As anyone who knows about buying cars used, you know there are three rules to follow: never buy sight unseen, never buy in the dark, and never buy in the rain. Unfortunately, when the 1993 850Ci was delivered to Clarion’s offices, the odometer was low-mile, but the condition of the car, inside and out, was nowhere near “great.” Worn leather, dents and scratches, and a neglected paintjob were the worst of the offences. After a thorough assessment of the vehicle, a few phone calls to the program’s partners, and a couple of long days to determine the project’s scope and budget, the 850 was on its way to a painstaking 9-month transition from driver-quality to a Concours d'Elegance show piece.
The Clarion Builds team had two goals when it came to restoring the 850: use authentic, period correct parts to keep a BMW factory feel, and pay homage to the 850CSi – the closest BMW got to an M8 supercar before pulling the plug. Their first move was to wake up the sleepy M70 V12 residing under the hood.
“The massive five-liter V12 under the hood is a beautiful engine, very well balanced, and very spritely, but mated to a four-speed automatic, it didn’t really have any guts,” Program’s spokesperson, Michael Farino says.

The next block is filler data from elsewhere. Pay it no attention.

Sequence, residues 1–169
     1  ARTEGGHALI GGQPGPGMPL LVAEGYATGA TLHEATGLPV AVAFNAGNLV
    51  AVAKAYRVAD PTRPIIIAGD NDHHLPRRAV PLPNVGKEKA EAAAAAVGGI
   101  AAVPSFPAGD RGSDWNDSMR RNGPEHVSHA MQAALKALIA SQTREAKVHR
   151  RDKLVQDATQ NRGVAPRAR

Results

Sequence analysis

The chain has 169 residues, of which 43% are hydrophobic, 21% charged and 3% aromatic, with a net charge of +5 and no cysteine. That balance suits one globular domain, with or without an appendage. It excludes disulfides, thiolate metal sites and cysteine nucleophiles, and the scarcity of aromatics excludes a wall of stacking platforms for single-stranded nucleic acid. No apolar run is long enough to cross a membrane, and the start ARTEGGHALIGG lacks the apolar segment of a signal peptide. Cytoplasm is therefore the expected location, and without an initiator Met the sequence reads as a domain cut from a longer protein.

With the help of New Century BMW to source the parts necessary for the swap, the Builds team took their Bimmer to Coast Motor Werk to have the four-speed slush box pulled in favor of a Getrag 560G six-speed manual gearbox, 3.15 ratio limited slip differential, and a reprogrammed ECU to handle the change in character.
New Century BMW’s Collision Center would be the next temporary home for the 850 as its deteriorated bodywork was gone over with a fine-tooth comb. Every panel on the car was appropriately reconditioned or replaced with factory BMW parts, cleaned and prepped, given a fresh coating of BMW’s Carbon Black Metallic paint (actually a very dark metallic blue – a special order color option on the 8-series), and put back together with European-spec parts from the CSi trim, which New Century BMW was instrumental in tracking down. Parts like the CSi-spec front and rear diffusers, and M-spec door guards are just some of the rare examples.
Something that Gharapetian is especially proud of are the wheels, both inside and outside the BMW, as he sourced them from the Netherlands and Germany himself. He was able to get his hands on a NOS European 850CSi steering wheel, as well as a very rare, brand new OE set of staggered Style 37 “M Parallel” wheels in 18x8.5 in the front and 9.5-inches wide in the rear. Wrapped in Michelin Pilot Super Sport rubber, brought down using Eibach springs and Bilstein shocks and stopped with StopTech Axle Pack drilled rotors and high-grip pads, the 8 Series’ updated road feel is truly representative of BMW’s “Ultimate Driving Machine” tagline.